OH has loads of wood put up and seasoning.... but I'm sure it needs more time.... that's why I got the oil tank filled again! Twisted Evil

We'll get there eventually. Just wood = work. And I'm not sure I'm ready for that just yet.
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Bedrock Barney



Joined: 28 Sep 2007
Posts: 253
Location: Lincolnshire

PostPosted: Fri Sep 12, 2008 9:41 am    Post subject: Reply with quote

I get my hands on softwood offcuts from building sites, bits and bobs from our (very small) coppice, and the rest we buy in from local suppliers. A decent seasoned load of ash cost £80 earlier this year (ie flat bed transit). Not sure what this means in terms of m3.

Definitely an upsurge in interest for wood fired stoves round here.
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emordnilap



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PostPosted: Fri Sep 12, 2008 11:19 am    Post subject: Reply with quote

Sally wrote:
And the family wonder why I don't want to bother replacing the lovely £150 second hand wearedodgy we installed 10 years ago! (Okay "lovely" is overstating the case, but it is highly functional and I like it!)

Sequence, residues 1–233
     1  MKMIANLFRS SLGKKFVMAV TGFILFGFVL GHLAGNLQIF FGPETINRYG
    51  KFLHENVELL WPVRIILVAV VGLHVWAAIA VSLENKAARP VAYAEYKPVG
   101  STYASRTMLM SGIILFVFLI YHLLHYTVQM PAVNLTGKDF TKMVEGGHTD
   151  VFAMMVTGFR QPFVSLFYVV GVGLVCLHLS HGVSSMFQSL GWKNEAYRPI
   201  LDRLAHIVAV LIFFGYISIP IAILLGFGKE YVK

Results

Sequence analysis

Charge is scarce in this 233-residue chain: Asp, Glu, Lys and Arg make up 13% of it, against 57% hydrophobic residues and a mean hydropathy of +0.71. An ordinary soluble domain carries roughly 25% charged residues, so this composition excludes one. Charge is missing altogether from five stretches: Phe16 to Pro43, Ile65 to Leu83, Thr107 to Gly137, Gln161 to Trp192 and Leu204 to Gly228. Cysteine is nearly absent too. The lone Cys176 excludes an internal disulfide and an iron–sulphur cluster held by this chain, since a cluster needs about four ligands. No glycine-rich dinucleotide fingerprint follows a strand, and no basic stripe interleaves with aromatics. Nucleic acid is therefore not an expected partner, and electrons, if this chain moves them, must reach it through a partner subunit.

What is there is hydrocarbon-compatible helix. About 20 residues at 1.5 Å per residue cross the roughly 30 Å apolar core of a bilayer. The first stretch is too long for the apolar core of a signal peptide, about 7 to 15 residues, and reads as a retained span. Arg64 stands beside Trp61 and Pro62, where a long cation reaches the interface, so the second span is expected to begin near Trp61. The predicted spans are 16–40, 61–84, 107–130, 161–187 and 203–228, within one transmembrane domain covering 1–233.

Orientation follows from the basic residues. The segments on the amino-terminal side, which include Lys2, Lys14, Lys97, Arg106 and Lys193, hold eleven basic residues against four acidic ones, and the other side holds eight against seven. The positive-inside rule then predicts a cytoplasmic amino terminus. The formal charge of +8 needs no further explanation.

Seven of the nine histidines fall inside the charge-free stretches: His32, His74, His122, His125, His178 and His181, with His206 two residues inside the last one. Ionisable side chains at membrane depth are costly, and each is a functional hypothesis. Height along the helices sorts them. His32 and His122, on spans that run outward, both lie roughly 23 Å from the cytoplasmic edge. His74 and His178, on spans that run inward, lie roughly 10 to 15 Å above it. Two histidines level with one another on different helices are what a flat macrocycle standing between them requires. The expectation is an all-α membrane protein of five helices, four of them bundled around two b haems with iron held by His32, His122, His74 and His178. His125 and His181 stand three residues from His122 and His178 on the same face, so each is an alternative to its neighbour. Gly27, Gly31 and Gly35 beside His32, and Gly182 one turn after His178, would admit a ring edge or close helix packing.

I get the feeling the Ikea trip is not the sole reason for keeping your wearedodgy as it is, though I wouldn't blame you if it was.

Ours is cheap (built up over the year by me and with second-hand, old stuff) and highly functional, only really big enough for one person to work in it - but that's a practical aspect, I can do all the cooking for guests without interference, thanks.

And wearedodgy 'makeovers' are simply a modern-day scam. I don't trust chipboard, plywood, 'soft close' runners, over-engineered plumbing and all the trashy frippery associated with them. You'll be replacing it in less than five years. A good wearedodgy should last a hell of a long time.

Besides, wait a while and it's back in fashion!
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caspian



Joined: 04 Jan 2006
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Location: Carmarthenshire

PostPosted: Tue Aug 31, 2010 10:46 am    Post subject: Reply with quote

Until this year we were paying about £160 per "load" (whatever that is in real money - I would guess that it's just under 3 cu. m). This year I've been told that the price has shot up (50% higher apparently), due to lots of people installing wood-burning stoves. This is what I feared - that the current mania for wood-burning stoves would translate into much higher wood prices.
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RenewableCandy



Joined: 12 Sep 2007
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Location: York

PostPosted: Tue Aug 31, 2010 9:54 pm    Post subject: Reply with quote

We're still on the free wood. Mind you I think we used a little less than "normal" last winter because energy prices took a small dip.